We say just sofa because we haven’t done anything to the sofa.


But: I bought this sofu at Sears.


Now we have to say sofu because we’ve done something to it. We bought it.


If you understand this pattern, you have mastered one of the main aspects of Russian grammar. And speaking of Russian, let’s apply it now in some all-Russian sentences.


Tell the waitress:

I’ll have the caviar.

Я буду икру.


I’ll have the vodka.

Я буду водку.


I’ll have pizza.

Я буду пиццу.


But now say:

I’ll have borscht.

Я буду борщ.


We notice that the word borscht doesn’t change.


So, imagine you’re sitting there in the cafe with your girlfriend. The waitress brings the coffee that your girlfriend ordered, and just before the waitress walks away, your girlfriend says to her,




The waitress responds with:



…and walks away.


Listen again:




Hmm…Let’s the waitress is coming back now with the pizza you ordered. Let’s say the same thing your girlfriend did…




Sure enough, the waitress responds with…



How would this exchange go in English? Like this…

Thank you.

You’re welcome.


Let’s listen to those words again more closely, and repeat them:



You remember how we talked about creating PowerPhrases for new words, to help us remember them? It’s usually best if you think of them yourself, but from time to time I’ll make a suggestion. For spasibo, imagine buying some butter made with hot peppers. You tell the lady at the grocery store , THANK YOU for the spicy butter.


See how we get THANK YOU and spasibo in there….spicy butter…spasibo.


And what was that other word again?



Spoken very slowly, you’ll often hear there’s an “uu” sound in there…puh-zhal-oo-eesta


But at normal speed it essentially gets dropped. Listen…



Now, пожалуйста does not MEAN “you’re welcome”. In fact, it literally means “please”, which is why we’ll be adding it to our requests in a moment. So why would they tell you “Please” after you say Thank you? Well, it makes sense if you think of what words they’re leaving out. You say…

Thank you.

And they say, “Please….there’s no need to thank me.”


Say that word one more time…




V.O. And now, here’s your Tip of the Day from Russian Made Easy…


There’s something in linguistics known as a construction. That’s the fancy term they give to the simple idea of a fill-in-the-blank phrase. And that’s what we’ve been working with today. For example, the English phrase…


I’ll have ______


…is a very common construction for ordering food. And you can fill in all sorts of things in the blank:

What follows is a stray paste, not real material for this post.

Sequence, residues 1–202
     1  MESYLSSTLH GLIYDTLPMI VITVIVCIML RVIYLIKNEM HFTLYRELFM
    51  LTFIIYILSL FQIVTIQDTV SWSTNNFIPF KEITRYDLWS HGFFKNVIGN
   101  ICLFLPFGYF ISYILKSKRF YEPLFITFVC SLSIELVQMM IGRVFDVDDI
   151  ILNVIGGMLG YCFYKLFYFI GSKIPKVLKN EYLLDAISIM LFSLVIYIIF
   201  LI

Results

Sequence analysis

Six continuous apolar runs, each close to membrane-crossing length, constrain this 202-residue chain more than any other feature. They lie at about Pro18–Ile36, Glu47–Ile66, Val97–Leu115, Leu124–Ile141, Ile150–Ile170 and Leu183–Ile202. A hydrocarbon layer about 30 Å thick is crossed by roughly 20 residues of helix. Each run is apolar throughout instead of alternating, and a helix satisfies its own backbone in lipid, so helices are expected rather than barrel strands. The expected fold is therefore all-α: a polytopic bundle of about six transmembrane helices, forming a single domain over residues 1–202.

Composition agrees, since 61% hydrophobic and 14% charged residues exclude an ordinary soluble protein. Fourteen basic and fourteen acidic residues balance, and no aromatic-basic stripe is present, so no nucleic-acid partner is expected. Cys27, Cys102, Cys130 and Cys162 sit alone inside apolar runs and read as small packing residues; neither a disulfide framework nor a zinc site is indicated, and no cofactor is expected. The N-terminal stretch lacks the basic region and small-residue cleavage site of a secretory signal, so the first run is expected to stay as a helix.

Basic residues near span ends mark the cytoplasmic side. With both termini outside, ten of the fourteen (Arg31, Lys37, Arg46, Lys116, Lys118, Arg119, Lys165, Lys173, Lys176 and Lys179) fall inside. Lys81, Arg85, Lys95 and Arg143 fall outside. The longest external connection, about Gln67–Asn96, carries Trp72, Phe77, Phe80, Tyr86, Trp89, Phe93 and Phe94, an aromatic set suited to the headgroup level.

I’ll have the soup.

I’ll have the lobster.

I’ll have the pancakes

..and so on.


If you’re a foreigner trying to learn English, you’d be smart to master such a common construction. And if you practice the right way, you’ll quickly become fluent with that construction. If you do this for all the major constructions, and you can quickly become fluent in the language. In short: Constructions are the most efficient tool for developing fluency in a language.


So, let’s practice again with our Russian construction, inserting various foods in there.

Я буду __blank__.


Order soup:

Я буду суп.


Order borscht.

Я буду борщ.


Order pizza.

Я буду пиццу.


Order caviar.

Я буду икру.


In the mood for some greens? The word for salad in Russian is a cognate. Listen:



Only, it ends in a “t” …салаТ, and the stress is at the end…саЛАТ


So, order a salad:

Я буду салат.


Coffee is also a cognate. Listen…



So, order coffee:

Я буду кофе.


Let’s try to fill out the exchange a bit more. So, there you are, sitting in a Russian cafe. The waitress comes over and greets you…




Greet her right back:



Now, there’s a few main ways she might prompt you for your order. In English the waitress might say, “What can I get’chya?” ..or…”What would you like?”…or…”Are you ready to order?” and so on.

So, let the waitress say her thing and then tell her…


I’ll have borscht, please.

Я буду борщ, пожалуйста.


Your friend then says…

And I’ll have a salad.

А я буду салат, пожалуйста.


Listen to how the waitress reads back your orders:


Борщ и салат, да?


Tell her: Yes. Thank you.

Да. Спасибо.


She says: You’re welcome.



Did you catch the word for “and”, as in borscht and a salad?

It was И


Борщ и салат, да?


So tell the waitress, I’ll have the soup and salad, please.

Я буду суп и салат, пожалуйста.


Try saying:

Hello, I’ll have a pizza and coffee, please.

Здравствуйте, я буду пиццу и кофе, пожалуйста.


Next time we’ll learn perhaps the two most common and useful words in Russian — beyond just Да and НЕТ. So I hope you tune in for that.


As always, I welcome your feedback on these podcasts. Feel free to write me at: mark@russianmadeeasy.com

I’d love to hear what you think, and how you’re doing. And be sure to head over to RussianMadeEasy.com for today’s downloads. See you next time.